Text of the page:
Towards the end of this week we began preparation for our look at the Constitutional Convention in 1787 by examining how nations change over time, and why.
To help guide us we will be using Philip Bobbitt’s framework from his book, “The Shield of Achilles.” I have picked this because we need to have some kind of general categories to work from, and Bobbitt provides them, though one can debate his specific conclusions. One of the strengths of Bobbitt’s work for our project is that he is more concerned with showing the possibilities than arriving at specific conclusions. Bobbitt chose the title because he wanted to emphasize the connections between various aspects of society, and he refers to the famous shield given to Achilles by his mother Thetis. We might expect that the shield would have military insignia exclusively, but in fact that shield had depictions of numerous scenes of life in general, as the diagram shows.
I want the students to see these same connections.
Bobbitt makes several points worth noting.
- Many historians will seek for the one defining turning point in the history of the western idea of the state. Bobbitt points out, rightly I think, that there are many such turning points in history, and that we are in the midst of one now. By understanding how these changes happened before, we can better prepare for our own future
- People remain who they are from birth, but the way they relate to the world will change over time. For example, as a young boy I thought of myself as a future NFL wide receiver. What if I still thought of myself that way? What if I left my job, trained hard, and showed up at Redskins training camp next year hoping to make the team? This would be silly, but also destructive. What would happen to my family, for example? So too, nations must accurately assess their own identity and match it to the reality they face. When nations fail to do so — when their concept of their own identity does not fit well with reality, that nation suffers.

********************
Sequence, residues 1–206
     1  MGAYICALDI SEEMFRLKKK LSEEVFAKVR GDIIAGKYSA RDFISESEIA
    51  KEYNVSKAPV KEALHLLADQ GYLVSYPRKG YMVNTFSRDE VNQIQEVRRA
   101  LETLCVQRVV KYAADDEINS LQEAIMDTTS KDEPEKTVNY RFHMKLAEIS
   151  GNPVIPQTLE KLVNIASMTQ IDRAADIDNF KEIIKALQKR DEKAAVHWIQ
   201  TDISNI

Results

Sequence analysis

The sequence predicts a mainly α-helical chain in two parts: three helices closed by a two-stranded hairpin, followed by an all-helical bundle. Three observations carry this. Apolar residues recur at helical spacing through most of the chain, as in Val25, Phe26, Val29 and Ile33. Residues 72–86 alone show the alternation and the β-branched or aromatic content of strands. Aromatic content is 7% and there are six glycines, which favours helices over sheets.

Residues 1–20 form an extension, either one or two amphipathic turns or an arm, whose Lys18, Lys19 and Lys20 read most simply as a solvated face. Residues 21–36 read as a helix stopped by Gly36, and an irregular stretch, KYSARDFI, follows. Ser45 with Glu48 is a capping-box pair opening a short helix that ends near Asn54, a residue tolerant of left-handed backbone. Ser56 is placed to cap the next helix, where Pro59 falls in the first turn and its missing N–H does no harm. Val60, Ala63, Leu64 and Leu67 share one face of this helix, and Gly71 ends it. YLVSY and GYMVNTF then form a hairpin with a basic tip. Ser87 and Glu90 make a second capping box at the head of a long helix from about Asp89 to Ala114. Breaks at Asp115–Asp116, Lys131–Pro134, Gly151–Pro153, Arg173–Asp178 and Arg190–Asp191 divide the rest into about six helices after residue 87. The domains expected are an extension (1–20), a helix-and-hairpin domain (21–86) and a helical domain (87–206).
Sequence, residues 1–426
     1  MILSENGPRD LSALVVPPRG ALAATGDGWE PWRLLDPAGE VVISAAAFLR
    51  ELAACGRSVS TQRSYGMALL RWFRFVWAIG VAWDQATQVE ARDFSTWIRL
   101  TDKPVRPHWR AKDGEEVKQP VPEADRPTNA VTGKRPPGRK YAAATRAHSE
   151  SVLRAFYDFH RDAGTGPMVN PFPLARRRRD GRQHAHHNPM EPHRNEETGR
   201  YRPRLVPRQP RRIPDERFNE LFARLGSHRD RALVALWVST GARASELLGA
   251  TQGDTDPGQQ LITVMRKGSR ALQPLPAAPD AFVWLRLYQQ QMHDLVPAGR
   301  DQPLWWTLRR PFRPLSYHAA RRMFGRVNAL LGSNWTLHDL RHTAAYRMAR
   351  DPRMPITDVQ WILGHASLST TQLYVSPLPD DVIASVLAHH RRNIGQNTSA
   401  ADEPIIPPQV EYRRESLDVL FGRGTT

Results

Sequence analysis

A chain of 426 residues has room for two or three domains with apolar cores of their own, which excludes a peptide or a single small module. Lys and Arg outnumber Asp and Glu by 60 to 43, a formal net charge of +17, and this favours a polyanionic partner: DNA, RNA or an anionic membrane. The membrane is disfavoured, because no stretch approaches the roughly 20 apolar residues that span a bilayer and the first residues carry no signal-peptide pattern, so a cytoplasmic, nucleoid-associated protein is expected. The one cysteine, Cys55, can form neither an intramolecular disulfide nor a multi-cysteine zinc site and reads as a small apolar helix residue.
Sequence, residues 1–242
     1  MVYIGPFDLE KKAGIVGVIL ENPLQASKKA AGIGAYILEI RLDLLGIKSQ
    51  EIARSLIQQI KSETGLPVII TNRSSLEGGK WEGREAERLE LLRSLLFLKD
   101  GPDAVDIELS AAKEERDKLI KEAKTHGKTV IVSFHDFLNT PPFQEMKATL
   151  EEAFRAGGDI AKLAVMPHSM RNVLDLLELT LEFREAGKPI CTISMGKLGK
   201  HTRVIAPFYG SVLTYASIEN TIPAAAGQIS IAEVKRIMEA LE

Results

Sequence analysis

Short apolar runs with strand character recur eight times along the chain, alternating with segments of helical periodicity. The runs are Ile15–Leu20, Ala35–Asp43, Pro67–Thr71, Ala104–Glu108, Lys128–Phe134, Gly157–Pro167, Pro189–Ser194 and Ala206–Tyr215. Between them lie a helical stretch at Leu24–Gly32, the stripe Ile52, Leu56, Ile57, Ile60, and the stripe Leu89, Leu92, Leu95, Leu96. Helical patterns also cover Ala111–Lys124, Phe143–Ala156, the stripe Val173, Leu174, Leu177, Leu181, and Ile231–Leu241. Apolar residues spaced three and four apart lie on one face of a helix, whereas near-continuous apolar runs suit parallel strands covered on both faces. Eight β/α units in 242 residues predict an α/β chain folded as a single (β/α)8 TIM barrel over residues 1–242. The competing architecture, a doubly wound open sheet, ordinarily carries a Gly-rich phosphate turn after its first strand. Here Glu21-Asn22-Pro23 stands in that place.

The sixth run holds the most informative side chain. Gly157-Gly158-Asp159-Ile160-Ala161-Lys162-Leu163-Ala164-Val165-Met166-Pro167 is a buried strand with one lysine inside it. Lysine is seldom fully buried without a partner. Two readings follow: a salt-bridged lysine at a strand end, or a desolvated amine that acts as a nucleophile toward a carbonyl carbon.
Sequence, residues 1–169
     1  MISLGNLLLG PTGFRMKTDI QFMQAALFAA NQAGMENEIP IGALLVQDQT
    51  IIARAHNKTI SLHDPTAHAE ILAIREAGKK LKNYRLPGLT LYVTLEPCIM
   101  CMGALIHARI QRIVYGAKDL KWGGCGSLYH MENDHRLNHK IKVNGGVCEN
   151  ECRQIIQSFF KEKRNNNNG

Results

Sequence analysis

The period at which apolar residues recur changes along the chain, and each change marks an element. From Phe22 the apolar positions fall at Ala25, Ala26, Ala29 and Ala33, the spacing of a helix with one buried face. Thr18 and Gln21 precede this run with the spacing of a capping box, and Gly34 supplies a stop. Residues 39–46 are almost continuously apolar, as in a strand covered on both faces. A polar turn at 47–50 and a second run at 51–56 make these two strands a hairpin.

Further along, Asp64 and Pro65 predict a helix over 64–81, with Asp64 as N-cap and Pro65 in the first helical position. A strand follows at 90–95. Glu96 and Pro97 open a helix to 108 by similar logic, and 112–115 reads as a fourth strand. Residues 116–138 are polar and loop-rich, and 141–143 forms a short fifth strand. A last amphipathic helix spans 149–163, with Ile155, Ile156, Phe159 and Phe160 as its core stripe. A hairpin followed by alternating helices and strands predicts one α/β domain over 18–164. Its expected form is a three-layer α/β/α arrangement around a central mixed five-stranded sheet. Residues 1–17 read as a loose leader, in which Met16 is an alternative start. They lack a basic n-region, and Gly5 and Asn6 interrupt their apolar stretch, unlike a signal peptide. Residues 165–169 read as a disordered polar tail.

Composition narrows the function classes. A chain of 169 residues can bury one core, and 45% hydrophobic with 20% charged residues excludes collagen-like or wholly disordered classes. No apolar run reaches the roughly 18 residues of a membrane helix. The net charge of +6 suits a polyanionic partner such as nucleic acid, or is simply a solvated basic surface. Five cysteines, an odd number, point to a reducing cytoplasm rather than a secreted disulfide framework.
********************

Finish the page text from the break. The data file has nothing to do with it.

- Bobbitt also encourages us to see the various state models over time as opportunities. Often people, like nations, get stuck wishing and acting based on a bygone past. How much better if we could accept things we could not change and make the most of them? What are those things that can be changed, and things that cannot? How should we act and plan accordingly?
We proceed recognizing that elements of a state’s internal order (politics, economics, culture, military, etc.) will all share a common rationale. When we looked at the “Territorial State” (1648-1776) model we saw its origins in the rejection of the “Kingly State” (1588ish-1648) and its identity.
The Kingly state built itself around the king. The “bigger” the king, the grander the people. So, for example, the French took pride in the fact that Louis XIV could eat far more than other men. It made him seem larger than life, and this in turn spilled over into the people. Frequently other monarchs of this era (like Henry VIII, Elizabeth I) pictured themselves in outsized proportions.
If the king’s religion formed the religion of the people, than those that did not share in that religion must either have second-class status (like Catholics in England, or Protestants in France) or be banned entirely from participation in the state. Furthermore, the wars of the state could in theory be universal in scope, because religion is not bound by geography.
The transition to the “Territorial State” came about due primarily to the physical and moral exhaustion brought about by the wars of religion. Now states feared above all “enthusiasms,” or anything that might upset the apple cart. Now rulers sought to keep wars local and short, because the only justification for war had to be acquisition of contiguous territory. The universal ambitions of previous monarchs made no sense anymore.
The age of the Territorial State is the age of the Scientific Revolution and Enlightenment, with a focus on what can be known and measured. Economically, the “mercantile” philosophy dominated the era, with its strict control on imports. Adam Smith’s The Wealth of Nations would do much to undermine this philosophy, and coincidentally, appeared at the same time as the American Revolution.